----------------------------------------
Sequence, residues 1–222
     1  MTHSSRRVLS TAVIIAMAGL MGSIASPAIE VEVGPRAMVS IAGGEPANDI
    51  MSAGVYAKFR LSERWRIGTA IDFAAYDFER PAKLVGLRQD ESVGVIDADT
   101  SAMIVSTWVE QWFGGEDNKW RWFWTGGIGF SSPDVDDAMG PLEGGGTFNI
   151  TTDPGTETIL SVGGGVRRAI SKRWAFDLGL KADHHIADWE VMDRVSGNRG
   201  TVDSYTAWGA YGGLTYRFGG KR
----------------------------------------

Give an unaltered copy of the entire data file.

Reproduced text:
Sequence, residues 1–222
     1  MTHSSRRVLS TAVIIAMAGL MGSIASPAIE VEVGPRAMVS IAGGEPANDI
    51  MSAGVYAKFR LSERWRIGTA IDFAAYDFER PAKLVGLRQD ESVGVIDADT
   101  SAMIVSTWVE QWFGGEDNKW RWFWTGGIGF SSPDVDDAMG PLEGGGTFNI
   151  TTDPGTETIL SVGGGVRRAI SKRWAFDLGL KADHHIADWE VMDRVSGNRG
   201  TVDSYTAWGA YGGLTYRFGG KR